(Tuesday 15th October 2019 Issue)
Thursday, October 3, 2019, the TRRC completed its 8th three-week session of
public hearings. During that session, 25 witnesses appeared before the
Commission, bringing the total number of witnesses to testify so far to 129.
Thirty-one of these 129 witnesses were perpetrators and alleged perpetrators;
the rest were mostly victims, including 21 women, two of whom were alleged
perpetrators. The 8th session focused entirely on the April 10 and 11, 2000
student demonstrations in which at least 14 students and one Red Cross
volunteer were killed by security forces. And two innocent children
accidentally lost their lives through this tragic event. Many more are still
suffering from the injuries sustained and need urgent medical attention.
During this 9th session, that starts today and ends on October 31, 2019 the Commission intends to hear testimonies surrounding issues of sexual and gender-based violations that occurred during our mandate period. Over the past several weeks, our Research and Investigations Unit in collaboration with other unit of the Secretariat and the Legal team have been in touch with and obtained statements from witnesses connected to this highly sensitive topic. These witnesses include both direct and indirect victims, security officers, civil servants, private civilians, and politicians who were in one way or the other involved in the events under investigation. It is anticipated that hearings on sexual and gender-based violations will dominate the hearings of the Commission during this entire 9th session. However, we also expect to hear testimony from witnesses dealing with other topics that have been only partially covered in past hearings. Meanwhile, our teams continue to visit different parts of the country to engage communities and obtain statements from victims on the subject of this session, the 2009 witch hunts and other violations. They have collected a good number of statements that are being processed in readiness for the Commission’s hearings in the near future.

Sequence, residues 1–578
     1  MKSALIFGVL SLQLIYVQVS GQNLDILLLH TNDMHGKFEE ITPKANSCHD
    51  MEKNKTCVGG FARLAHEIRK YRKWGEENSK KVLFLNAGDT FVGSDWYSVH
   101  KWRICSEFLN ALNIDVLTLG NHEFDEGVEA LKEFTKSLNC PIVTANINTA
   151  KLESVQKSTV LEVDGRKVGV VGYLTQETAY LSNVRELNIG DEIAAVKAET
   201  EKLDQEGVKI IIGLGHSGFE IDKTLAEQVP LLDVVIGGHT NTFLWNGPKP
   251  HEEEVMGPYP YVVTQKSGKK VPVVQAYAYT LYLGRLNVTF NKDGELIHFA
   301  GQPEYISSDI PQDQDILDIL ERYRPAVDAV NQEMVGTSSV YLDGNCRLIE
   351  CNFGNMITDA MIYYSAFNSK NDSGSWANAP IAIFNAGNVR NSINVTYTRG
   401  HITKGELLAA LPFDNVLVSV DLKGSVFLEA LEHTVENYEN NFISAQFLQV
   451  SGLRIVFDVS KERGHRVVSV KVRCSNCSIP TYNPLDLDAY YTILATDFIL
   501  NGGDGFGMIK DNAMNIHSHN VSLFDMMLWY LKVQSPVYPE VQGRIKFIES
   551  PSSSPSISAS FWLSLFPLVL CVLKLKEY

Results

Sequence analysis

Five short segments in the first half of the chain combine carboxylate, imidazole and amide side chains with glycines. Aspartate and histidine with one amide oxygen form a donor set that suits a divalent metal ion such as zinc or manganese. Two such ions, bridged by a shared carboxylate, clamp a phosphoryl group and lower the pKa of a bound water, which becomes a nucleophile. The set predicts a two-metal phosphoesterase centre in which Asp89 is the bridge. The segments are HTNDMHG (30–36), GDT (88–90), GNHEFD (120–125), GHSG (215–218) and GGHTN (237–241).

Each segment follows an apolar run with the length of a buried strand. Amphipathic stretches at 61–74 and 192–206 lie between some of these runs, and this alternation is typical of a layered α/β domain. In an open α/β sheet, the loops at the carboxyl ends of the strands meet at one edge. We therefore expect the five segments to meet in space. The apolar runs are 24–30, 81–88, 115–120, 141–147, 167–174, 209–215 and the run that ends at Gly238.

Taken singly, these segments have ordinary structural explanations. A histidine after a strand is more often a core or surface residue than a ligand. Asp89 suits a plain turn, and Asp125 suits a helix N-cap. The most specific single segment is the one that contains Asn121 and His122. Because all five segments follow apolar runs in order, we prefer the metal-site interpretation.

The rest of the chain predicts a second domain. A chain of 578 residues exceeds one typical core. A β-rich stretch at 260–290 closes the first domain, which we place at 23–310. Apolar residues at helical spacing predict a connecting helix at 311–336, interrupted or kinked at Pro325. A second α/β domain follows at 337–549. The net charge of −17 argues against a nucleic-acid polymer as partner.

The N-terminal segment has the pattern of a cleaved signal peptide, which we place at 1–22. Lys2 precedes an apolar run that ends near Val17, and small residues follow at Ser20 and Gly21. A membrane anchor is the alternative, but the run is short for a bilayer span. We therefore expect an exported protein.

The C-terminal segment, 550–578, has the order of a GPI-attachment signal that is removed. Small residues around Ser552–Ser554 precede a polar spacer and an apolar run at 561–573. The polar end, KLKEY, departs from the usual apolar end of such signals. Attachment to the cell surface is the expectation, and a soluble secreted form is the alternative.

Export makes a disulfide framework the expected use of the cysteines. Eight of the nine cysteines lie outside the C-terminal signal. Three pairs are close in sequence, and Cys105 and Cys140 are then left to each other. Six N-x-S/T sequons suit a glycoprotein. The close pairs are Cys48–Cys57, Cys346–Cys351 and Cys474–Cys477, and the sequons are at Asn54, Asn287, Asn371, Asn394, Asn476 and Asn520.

As we begin this 9th session focusing mostly on the sensitive topic of sexual and gender-based violence, we wish to encourage all victims and all persons who may have valuable information regaining this subject to please come forward and share their stories with the TRRC and hopefully with the general public. The TRRC guarantees absolute confidentiality and protection of integrity for all witnesses. We also wish to repeat that witnesses who would like to testify have a choice to either appear in public, appear as protected witnesses, or testify behind closed doors. Even if witnesses do not wish to testify, their statements will make a significant contribution to the true historical record the Commission is mandated to produce for this country.